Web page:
Bull reds setting up on Cape Lookout Shoals

bull reds
Captain Bryan Goodwin targets large red drum in nearshore waters close to Cape Lookout in May. (Photo by Brian Goodwin)

Bull reds are one of many species worth targeting this month

May is a transitional fishing month along North Carolina’s beaches, including for bull reds along the Crystal Coast.

“We’re venturing from spring — March and April — into summer fishing,” said Capt. Bryan Goodwin of Beaufort’s Native Guide Service. “We get a lot of migration in the spring with a trout run and early drum coming back.”

The key to finding almost all gamefish is finding baitfish, and May is no different, according to Goodwin (252-725-3961). Large schools of menhaden head west when water temperatures change. Other popular spring gamefish targets include king and Spanish mackerel, bluefish and cobia.

“Most of the adult reds still will be in the ocean in May, but they move closer to shore,” Goodwin said. “We had a relatively mild winter, but water temperature doesn’t trigger the menhaden migration per se; it’s the change in temperature. They migrate about the same time every year.”

Adult redfish may weigh from 20 to 60 pounds. Many depart offshore structures to follow menhaden. The largest reds, usually females, spawn from August through October around inlet channels and in Pamlico Sound.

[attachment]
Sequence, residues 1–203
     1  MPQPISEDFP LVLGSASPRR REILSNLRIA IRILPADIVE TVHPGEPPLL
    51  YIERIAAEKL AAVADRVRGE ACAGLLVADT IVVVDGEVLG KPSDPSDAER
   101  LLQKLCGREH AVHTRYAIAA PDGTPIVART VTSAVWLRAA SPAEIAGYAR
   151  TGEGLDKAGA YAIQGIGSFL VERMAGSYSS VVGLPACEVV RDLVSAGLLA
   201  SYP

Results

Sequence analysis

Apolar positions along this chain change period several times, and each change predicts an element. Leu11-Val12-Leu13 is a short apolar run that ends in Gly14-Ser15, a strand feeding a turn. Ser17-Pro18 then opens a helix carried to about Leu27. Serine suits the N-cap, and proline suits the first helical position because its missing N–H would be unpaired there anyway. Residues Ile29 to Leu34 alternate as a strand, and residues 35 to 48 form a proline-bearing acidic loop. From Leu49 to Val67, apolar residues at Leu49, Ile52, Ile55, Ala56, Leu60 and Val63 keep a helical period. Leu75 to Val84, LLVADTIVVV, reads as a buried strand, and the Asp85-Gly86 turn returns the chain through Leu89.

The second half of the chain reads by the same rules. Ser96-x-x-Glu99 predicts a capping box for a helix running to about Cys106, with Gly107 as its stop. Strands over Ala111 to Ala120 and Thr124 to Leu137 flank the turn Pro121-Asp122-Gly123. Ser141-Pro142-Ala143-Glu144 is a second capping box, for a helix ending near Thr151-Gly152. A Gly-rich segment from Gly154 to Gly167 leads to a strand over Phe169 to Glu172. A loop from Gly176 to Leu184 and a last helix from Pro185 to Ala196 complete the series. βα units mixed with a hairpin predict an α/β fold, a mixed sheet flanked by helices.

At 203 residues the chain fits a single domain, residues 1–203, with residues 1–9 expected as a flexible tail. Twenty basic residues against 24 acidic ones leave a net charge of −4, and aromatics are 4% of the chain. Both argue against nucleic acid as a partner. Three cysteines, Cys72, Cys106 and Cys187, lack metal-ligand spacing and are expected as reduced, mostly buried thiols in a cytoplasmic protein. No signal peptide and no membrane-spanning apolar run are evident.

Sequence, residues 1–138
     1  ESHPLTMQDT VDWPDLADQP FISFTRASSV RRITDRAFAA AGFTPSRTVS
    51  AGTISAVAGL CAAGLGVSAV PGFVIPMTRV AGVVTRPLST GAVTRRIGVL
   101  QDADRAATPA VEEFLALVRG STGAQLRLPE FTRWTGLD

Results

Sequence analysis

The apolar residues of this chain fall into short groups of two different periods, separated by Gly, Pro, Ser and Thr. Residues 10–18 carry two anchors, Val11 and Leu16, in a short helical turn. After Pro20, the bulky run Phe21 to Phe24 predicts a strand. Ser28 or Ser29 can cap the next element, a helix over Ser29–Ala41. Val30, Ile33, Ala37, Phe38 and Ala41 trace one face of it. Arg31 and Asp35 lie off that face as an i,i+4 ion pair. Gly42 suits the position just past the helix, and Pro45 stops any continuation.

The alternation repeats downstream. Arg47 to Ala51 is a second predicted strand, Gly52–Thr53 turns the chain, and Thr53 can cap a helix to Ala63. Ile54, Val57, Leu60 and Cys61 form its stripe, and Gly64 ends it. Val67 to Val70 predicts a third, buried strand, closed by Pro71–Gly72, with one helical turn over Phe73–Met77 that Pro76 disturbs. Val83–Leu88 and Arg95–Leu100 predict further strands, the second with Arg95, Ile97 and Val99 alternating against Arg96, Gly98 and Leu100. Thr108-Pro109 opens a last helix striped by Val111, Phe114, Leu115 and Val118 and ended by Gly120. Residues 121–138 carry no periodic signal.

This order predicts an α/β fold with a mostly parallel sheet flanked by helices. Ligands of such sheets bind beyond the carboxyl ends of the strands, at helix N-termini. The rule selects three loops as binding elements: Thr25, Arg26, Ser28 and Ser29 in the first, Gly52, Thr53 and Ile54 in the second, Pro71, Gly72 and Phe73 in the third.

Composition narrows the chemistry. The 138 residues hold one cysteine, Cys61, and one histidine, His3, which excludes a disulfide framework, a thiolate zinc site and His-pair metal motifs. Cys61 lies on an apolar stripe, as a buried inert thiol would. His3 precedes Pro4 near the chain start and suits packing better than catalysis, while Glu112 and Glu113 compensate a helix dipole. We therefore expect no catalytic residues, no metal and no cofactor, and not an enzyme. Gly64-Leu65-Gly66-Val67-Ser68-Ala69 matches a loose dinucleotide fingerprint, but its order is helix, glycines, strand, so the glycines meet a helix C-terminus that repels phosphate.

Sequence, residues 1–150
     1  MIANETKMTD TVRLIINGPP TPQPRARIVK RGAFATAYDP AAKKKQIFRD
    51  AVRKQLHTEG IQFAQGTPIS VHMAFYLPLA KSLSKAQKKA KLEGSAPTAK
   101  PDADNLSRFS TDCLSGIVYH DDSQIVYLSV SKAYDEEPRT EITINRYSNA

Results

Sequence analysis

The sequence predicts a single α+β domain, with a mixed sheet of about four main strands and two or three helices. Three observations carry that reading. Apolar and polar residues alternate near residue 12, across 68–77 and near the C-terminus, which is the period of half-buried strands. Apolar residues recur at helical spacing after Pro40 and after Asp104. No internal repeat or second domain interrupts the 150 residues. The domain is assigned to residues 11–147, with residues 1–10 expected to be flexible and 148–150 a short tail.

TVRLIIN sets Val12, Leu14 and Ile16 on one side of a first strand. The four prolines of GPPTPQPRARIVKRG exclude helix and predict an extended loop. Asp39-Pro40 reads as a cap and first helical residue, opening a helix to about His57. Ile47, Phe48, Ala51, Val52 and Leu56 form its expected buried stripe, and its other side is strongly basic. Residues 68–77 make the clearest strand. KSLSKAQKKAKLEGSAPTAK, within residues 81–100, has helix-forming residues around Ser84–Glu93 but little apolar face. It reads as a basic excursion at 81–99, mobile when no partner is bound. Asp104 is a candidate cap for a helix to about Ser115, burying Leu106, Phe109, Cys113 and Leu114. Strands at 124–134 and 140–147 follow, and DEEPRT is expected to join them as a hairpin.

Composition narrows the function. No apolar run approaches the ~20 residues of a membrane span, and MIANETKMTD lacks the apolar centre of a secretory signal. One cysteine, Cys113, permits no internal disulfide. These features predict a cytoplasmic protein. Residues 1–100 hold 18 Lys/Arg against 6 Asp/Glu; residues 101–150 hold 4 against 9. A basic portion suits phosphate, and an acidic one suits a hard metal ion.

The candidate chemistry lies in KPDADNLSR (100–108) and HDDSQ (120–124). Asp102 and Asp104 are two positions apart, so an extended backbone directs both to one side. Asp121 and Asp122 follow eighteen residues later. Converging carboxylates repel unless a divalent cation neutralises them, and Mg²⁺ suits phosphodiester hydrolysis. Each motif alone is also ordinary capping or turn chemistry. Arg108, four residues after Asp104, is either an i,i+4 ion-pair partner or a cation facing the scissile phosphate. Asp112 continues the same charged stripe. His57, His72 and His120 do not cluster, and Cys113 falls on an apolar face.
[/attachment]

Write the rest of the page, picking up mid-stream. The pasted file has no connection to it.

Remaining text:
Head to the shoals when weather allows

Goodwin fishes around Cape Lookout, on either side of the shoals that extend 19 miles from Beaufort Inlet. Two sloughs on either side of Shark Island and two near the Knuckle Buoy are routes for menhaden pushed through by tides and winds. Redfish gather to feed voraciously at these shoal cuts.

Not a lot of people fish the shoals because wind and waves make it chancy. But on calm days, Goodwin sight-casts artificial lures — 4- to 6-inch, black/silver swimbaits or bucktails — to bull reds in clear water.

“It’s difficult, challenging fishing, and you can fish only a small percentage of days at the shoals,” he said.

“I look for menhaden on the surface or with side-scan sonar,” said Goodwin, who uses a variety of spinning reels on 6-foot rods.

“I lighten up my tackle a bit, but it’s basically the same tackle I use for cobia,” he said. “(The rods) are similar to fishing with a popping cork — with slightly heavier line (20- to 40-pound test) and 2- to 3-ounce lures. I don’t change out factory hooks. Curlytails make the bucktails a little longer and may attract a cobia.”

About Craig Holt 1382 Articles
Craig Holt of Snow Camp has been an outdoor writer for almost 40 years, working for several newspapers, then serving as managing editor for North Carolina Sportsman and South Carolina Sportsman before becoming a full-time free-lancer in 2009.

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